# mobile robot kinematics mobile robot kinematics kinematics

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Chapter 3

Mobile robot kinematics

Mohammad Sohani

Fotios Katsilieris

Dogucan Bayraktar

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Mobile robot kinematics

Overview Wheel kinematic constraints Robot kinematic constraints Mobile robot maneuverability Mobile Robot Workspace Holonomic robots Path and trajectory considerations Beyond Basic Kinematics Kinematic Control

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Kinematics

IntroductionThe mechanical behavior ControlMobile robotics similar to ManipulatorUnbound movement:

No direct way to measure Position integration over time Inaccuracy in position (because of mechanics)

Each wheel: Enabling Constraints

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Kinematics

Model:Robot speed as a function of wheel speedWhole Robot's motion: a bottom-up processChasis Rigid body

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Wheel Constraints

Robot PosGlobal ReferencePoint P : Position Reference Local (Initial) Reference Position specified by:

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Forward Kinematics

How does the robot move given its geometry and the speed of wheels?Orthoghonal conversion:

Map function

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Forward KinematicsExample:

Robot Pos:If:

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Forward Kinematics

Wheel KinematicsFour types of wheels contraintsSome simplifactions:

Vertical plane for the wheel Single point of contact (with no friction for

rotation) No sliding or sliding Not deformable

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Wheel Kinematics

Standard wheelNo vertical axis of rotation No steeringA in polar coordinateThe angle of wheel plane relative to chasis - B fixed

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Wheel Constraints

Standard Wheel

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Standard Wheel

ExampleSuppose that the wheel A is in position such that = 0 and = 0This would place the contact point of the wheel on XI with the plane ofThe wheel oriented parallel to YI. If = 0, then this sliding constraint reduces to:

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Wheels ConstraintsSteered standard wheelStandard+rotationNo instantaneous effect

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Wheels ConstraintsCastor WheelSteer around a vertical axis

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Wheels ConstraintsCastor WheelSteer around a vertical axisDifferent vertical axis of rotation from contact point.Any motion orthogonal to the wheel plane must be balanced by and equivalent and opposite amount of castor steering motion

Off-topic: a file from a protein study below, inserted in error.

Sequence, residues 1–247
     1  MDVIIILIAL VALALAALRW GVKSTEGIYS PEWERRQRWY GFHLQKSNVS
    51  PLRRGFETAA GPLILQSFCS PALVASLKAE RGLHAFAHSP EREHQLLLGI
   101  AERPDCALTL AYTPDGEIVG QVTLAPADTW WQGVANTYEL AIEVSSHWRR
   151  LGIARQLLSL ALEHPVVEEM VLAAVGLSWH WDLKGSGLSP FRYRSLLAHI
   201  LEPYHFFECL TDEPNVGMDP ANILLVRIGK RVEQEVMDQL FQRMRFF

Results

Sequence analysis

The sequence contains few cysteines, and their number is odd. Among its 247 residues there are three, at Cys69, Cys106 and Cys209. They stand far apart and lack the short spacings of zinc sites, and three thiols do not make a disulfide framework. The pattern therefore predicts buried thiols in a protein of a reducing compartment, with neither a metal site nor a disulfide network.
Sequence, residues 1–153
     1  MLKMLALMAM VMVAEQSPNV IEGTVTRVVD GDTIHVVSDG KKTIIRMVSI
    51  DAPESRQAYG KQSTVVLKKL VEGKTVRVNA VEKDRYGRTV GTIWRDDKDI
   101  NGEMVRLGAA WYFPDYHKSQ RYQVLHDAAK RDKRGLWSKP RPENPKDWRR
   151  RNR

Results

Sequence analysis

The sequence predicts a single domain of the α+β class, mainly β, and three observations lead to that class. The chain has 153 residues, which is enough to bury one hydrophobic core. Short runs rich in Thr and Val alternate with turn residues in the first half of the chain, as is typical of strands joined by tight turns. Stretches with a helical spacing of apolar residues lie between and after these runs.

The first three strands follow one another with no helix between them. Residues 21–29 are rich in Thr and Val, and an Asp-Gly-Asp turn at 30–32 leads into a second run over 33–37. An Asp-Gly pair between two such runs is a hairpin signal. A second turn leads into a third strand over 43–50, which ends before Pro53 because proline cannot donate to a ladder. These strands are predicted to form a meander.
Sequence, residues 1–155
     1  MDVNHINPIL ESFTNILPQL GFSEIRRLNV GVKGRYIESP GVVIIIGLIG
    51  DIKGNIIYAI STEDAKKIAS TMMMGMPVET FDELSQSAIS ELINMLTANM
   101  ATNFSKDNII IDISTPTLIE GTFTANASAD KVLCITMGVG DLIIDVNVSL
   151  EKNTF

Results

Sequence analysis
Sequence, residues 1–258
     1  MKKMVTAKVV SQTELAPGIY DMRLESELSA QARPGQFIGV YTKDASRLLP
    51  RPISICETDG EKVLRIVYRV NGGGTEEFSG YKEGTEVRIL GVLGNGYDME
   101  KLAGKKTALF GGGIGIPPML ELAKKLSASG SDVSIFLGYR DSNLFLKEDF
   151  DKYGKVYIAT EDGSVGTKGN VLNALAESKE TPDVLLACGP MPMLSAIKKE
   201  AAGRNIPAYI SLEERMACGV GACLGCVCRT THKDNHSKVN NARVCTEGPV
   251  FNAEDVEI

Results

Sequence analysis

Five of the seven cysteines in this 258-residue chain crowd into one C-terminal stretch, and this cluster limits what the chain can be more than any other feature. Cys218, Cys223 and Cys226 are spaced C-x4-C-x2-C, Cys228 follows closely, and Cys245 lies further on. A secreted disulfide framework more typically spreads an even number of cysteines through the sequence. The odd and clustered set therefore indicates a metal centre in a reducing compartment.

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Wheel ConstraintsSwedish wheel

Standard+1 DOF

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Wheel ConstraintsSwedish wheel

Wheel Kinematic Constraints

Spherical Wheel: No direct constraints on

motion. Has no principal axis of

rotation so no appropriate rolling or sliding constraint exist.

Omnidirectional No effects on robot chasis

kinematics. The Eq. is similar to the fixed

standard wheel but here the direction of movement is arbitrary

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Robot Kinematic Constraints

Compute the kinematic constraints of a robot with M wheels.

Combine the constraints that arise from all the wheels based on the placement of them on the robot chassis.

Only standard fixed and steering wheels have constraints.

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Robot Kinematic Constraints

N wheels Nf + Ns. The Rolling constraint:

It is the constraint that all standard wheels must spin around their horizontal axis an appropriate amount based on their motions along the wheel plane so that rolling occurs at the ground contact point.

The Sliding constraint:

The components of motion orthogonal to the wheel planes must be zero for all standard wheels.

Sliding constraint in standard wheels has the most significant impact on defining the overall maneuverability of the robot chassis.

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Robot Kinematic Constraints

The combination of wheel rolling and sliding constraints describes the kinematic behaviour.

Example: A differential-drive robot.

By defining alpha and beta angles for both wheels, J1f and C1f matrices can be computed.

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Mobile Robot Maneuverabiity

Kinematic mobility: Robots ability to directly move in the environment.

The basic constraint in mobility is satisfying the sliding constraint.

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Mobile Robot Maneuverabiity

Degree of Mobility: For both of these constraints to be